Say Cheese: 3 from the Pyrenees
Last week, I found myself browsing the cheese counter at Arrowine, in Arlington, while I waited to pick my daughter up from a friend’s house. I struck up a conversation with Perry Soulos, Arrowine’s cheese and deli manager, in which I told him about my recent overdose on the rich cheeses of Alta Langa.
I asked him to recommend something completely different, but still appropriate for spring; subdued but not lacking in character. In response, he sent me to the French Pyrenees (not literally -- don’t I wish). I came home with three cheeses, each distinct from the others, all of them delicious.
Bleu de Basque (on sale for $22.99 per pound for the month of April; $25.99 per pound is the regular price): This sheep’s-milk blue is produced in the western Pyrenees, near the Spanish border. It has a lovely, butter-colored paste with blue veining. The cheese is creamy yet still a little crumbly, and there is a nice crunch when your teeth hit a blue pocket. Its flavor is not overwhelmingly ‘blue,’ which makes it a nice spring selection for a cheese plate. The rind is a bit hard but has lots of flavor, so don’t necessarily cut it away. Soulos recommends enjoying Bleu de Basque on a slice of baguette or a plain water cracker spread thinly with Stonewall Kitchen’s black raspberry jam. The combination of the intense sweet-tart jam and buttery, spicy blue is brilliant.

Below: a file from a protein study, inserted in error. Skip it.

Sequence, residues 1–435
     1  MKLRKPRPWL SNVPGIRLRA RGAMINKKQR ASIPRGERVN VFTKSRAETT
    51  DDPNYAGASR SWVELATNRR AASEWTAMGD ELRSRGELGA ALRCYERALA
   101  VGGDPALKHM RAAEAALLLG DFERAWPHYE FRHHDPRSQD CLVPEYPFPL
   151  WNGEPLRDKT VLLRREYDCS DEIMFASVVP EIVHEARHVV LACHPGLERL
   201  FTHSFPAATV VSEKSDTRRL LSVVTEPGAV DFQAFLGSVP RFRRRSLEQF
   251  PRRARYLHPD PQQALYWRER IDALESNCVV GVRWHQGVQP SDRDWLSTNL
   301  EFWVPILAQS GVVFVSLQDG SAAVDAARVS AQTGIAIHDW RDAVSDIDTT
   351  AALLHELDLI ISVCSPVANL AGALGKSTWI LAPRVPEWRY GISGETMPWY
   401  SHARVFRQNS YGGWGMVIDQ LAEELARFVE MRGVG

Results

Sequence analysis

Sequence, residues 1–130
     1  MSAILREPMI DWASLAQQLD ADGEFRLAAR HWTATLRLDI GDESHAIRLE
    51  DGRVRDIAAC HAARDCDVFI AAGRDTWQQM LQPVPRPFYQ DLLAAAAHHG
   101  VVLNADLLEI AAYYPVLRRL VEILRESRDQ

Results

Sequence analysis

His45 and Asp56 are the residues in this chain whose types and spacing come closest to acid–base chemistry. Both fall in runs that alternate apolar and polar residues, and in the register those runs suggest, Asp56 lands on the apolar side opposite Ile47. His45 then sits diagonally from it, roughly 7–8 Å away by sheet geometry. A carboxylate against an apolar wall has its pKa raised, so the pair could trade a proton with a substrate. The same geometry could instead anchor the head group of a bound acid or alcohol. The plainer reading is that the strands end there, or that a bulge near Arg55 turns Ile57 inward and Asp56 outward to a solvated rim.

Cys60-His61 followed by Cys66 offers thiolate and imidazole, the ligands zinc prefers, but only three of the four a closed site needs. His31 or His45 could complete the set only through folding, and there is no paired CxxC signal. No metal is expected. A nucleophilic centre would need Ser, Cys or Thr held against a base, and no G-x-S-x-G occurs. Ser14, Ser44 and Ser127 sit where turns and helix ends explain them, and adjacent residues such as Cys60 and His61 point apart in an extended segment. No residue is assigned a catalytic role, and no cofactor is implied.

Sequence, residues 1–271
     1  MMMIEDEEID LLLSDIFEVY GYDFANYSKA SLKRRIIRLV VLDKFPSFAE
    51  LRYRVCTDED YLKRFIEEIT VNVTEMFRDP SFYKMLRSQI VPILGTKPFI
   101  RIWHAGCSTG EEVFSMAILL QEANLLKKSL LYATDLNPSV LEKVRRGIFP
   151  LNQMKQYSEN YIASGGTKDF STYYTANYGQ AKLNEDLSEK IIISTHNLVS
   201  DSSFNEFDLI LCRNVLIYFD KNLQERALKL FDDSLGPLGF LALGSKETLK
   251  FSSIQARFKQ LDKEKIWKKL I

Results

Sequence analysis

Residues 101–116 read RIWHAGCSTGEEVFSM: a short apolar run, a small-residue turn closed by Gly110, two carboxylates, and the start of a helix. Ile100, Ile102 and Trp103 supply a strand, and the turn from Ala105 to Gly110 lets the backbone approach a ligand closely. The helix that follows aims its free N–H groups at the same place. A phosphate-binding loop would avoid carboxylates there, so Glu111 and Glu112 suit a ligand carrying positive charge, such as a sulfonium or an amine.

Tomme de Levezou ($26.99 per pound): a semi-firm, unpasteurized sheep’s-milk cheese, Tomme de Levezou is aged for two to four months. It has a dusty gray-brown rind and an ivory-colored paste that is shot through with small, irregular holes. It bears a passing resemblance to semi-aged pecorino but is less salty and more mellow in flavor. It has a pleasant “sheepy” aroma and a nutty flavor with a mildly tangy, almost sour finish.
Bethmale (on sale for $25.99 per pound for the month of April; $27.99 per pound is the regular price): This washed-rind cheese is made with either goat’s milk or cow’s milk, or sometimes a mixture of both. The version I tried was a semi-aged goat’s milk. It carries the familiar pungent aroma of a “stinky” cheese, though it is not at all overpowering. Beneath its hard orange-brown rind, however, is a rich, nutty flavored paste that has a sweet finish. The pale golden interior has lots of small holes and an appealing, creamy-supple texture. Although I didn’t try it, I suspect this would be a good melting cheese, either in a sandwich or a gratin.
-- Domenica Marchetti
(Follow me on Twitter.)
The Food Section
April 13, 2010; 7:00 AM ET
Categories: Say Cheese | Tags: Domenica Marchetti, Pyrenees blue cheeses, Say Cheese
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